Monday, 19 October 2009

3D collision detection

3D libraries are conceived as just drawing primitives, and nothing more. That's why graphics programmers are asked to reinvent the wheel several times.

One of those wheels is the "world space" partitioning. In particular, the collision detection of meshes.

I don't know how serious engines handle it on a per-pixel/vertex basis, but I think they just do miracles. I implemented something simpler for my PLT by using cheap bounding spheres.

The improved geometries loader "keeps in mind" the minimum and maximum coordinates for each axis, while it constructs the vertex arrays; at the end of the loading process, it uses those coordinates to find the middle point of the mesh and the farthest vertex from it: they are the bounding sphere center and radius, respectively.

Checking if a mesh collides with another is straightforward:
  • transform the bounding centers from model to world space, and compute the distance (let's call this value "D") between them
  • sum up the two bounding radius (let's call it "S")
  • if D > S meshes don't collide
It's kind of a cheat, but it works.
Of course, using complex meshes will reveal its nature: it's far from being accurate. But it so fast!

I think there's a couple of possible optimizations.

The first one is, well, "CAD driven": I could simply cut down every model into many "groups", and give everyone its own bounding sphere. The drawback is, obviously, that the designer is asked to think meshes as a collection of separate tranches, and everything works better if each partition fills out its "space". Moreover, this solution makes LOD design slightly more complex.

The second one is more challenging: compute the partitions on fly, during geometry loading, by using a stochastic approach: areas denser of polygons are more likely to be relevant for the mesh, and should be enclosed by their own bounding sphere.

Friday, 9 October 2009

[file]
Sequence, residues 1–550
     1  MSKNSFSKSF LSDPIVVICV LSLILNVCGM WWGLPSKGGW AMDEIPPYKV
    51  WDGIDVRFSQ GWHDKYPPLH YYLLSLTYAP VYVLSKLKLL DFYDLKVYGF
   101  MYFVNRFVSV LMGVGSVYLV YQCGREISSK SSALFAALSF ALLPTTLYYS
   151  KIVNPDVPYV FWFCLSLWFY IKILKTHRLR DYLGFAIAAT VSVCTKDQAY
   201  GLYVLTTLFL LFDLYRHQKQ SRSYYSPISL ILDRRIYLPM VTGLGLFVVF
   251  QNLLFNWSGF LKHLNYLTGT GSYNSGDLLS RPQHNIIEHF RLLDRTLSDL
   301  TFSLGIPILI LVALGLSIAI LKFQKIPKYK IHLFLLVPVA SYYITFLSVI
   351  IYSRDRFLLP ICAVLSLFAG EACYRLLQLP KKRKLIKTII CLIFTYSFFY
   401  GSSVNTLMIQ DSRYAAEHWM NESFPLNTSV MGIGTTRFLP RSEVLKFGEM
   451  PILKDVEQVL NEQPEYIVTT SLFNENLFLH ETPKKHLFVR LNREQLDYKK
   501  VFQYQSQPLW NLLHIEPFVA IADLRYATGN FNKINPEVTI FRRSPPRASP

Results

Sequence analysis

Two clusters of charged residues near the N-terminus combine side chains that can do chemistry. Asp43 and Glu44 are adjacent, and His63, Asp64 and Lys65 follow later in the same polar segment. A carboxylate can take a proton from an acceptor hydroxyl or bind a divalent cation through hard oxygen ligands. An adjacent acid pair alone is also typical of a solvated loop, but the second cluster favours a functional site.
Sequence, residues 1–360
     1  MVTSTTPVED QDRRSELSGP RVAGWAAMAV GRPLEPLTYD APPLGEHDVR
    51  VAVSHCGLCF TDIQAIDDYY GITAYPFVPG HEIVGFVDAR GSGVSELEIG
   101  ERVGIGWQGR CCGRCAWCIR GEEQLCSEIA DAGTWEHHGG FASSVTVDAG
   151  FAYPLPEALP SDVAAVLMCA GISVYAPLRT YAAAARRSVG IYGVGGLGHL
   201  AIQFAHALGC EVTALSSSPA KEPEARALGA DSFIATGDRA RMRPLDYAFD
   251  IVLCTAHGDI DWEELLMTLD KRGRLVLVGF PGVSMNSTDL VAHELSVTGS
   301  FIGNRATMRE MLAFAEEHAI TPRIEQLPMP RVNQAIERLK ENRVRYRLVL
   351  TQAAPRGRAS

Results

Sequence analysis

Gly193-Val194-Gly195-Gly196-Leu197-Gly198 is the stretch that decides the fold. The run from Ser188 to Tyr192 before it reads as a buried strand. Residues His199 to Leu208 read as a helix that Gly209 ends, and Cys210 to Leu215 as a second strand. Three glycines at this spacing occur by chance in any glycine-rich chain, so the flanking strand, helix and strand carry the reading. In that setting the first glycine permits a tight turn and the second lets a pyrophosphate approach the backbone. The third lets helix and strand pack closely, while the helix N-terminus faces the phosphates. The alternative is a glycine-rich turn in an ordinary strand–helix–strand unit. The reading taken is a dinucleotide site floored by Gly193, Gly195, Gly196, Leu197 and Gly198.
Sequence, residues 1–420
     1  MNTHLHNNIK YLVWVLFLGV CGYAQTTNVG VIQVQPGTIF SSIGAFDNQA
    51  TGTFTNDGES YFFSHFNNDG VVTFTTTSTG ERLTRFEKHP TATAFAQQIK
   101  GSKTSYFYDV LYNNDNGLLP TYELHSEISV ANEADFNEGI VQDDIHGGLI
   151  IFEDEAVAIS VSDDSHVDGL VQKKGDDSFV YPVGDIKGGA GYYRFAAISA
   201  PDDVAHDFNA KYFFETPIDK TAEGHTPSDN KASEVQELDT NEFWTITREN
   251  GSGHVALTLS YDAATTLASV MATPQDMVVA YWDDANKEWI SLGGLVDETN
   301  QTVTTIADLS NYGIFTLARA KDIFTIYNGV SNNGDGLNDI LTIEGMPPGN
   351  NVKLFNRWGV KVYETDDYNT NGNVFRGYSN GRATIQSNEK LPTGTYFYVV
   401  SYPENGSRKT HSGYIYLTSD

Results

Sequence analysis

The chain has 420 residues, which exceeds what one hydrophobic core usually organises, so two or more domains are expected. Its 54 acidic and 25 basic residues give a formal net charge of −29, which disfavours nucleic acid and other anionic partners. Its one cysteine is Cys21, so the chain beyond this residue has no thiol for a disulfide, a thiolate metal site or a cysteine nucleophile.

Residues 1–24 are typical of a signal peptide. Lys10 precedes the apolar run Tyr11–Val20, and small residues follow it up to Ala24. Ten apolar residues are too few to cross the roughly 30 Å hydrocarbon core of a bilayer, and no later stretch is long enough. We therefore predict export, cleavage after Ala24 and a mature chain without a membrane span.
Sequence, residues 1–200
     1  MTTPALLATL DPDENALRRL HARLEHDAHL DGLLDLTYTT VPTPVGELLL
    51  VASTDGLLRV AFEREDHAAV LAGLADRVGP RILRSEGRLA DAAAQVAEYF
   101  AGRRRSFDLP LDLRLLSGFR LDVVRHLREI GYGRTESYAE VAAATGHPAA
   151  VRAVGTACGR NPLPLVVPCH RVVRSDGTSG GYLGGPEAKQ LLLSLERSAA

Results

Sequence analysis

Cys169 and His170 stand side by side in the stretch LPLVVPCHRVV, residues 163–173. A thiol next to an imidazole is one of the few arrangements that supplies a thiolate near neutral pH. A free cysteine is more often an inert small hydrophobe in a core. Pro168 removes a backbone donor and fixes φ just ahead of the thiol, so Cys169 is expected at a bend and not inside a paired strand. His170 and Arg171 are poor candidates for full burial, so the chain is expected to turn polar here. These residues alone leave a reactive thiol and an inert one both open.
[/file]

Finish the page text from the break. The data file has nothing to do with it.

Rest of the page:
The evolution of parallax

Once upon a time, videogames were bidimensional, and it was fine.
One day, in order to give some depthness to the scene, programmers introduced a technique called parallax scrolling: by moving the elements of the background at different speed, a sense of spatiality and immersivity emerged.

The sensation was outstanding for the age, but the drawback was a very high computational cost, that kept this strategy confined on 16bit machines. With the arrival of 3D graphics, parallax scrolling was abandoned.

In 2001, a Japanese researcher named Tomomichi Kaneko introduced a brilliant modification of texture mapping able to provide "the capability to represent the motion parallax effect to the textures placed on 3D objects". His algorythm was basically a normal mapping, whose strategy is to use a texture's RGB channels to map a 3D normal, overriding the vectors on surfaces; Tomomichi basically suggested to enhance the feeling of movement by displacing textures by a function of the view angle in tangent space.

The tangent space itself is the trick behind all, and let us compute stuff in a comfortable space: instead of doing tons of computations in world space, we "look at things" from the top of the texture.

The generation of the special coordinates (normal, tangent and binormal) is done "client side" during the geometries loading, and sent to the server as vertex attributes.

The normal mapping itself requires at least a couple of textures to be sent and, guess what, I faced again the limits of DirectX9 compliant boards. I wanted to keep at least 4 lights on the scene, and use three textures (diffuse, normal map, and a gloss map). I quickly overflowed the capabilities of my VGA card and learnt an interesting thing.

GLSL is paranoid

I'm not sure it's a GLSL thing, but that's it: it's paranoid. It expects the worst scenario to happen. And therefore does not optimize a thing. I explain.

Suppose you have a code similar to this:

void DoSomething(int number_of_light) {
  Use( gl_LightSource[number_of_light] );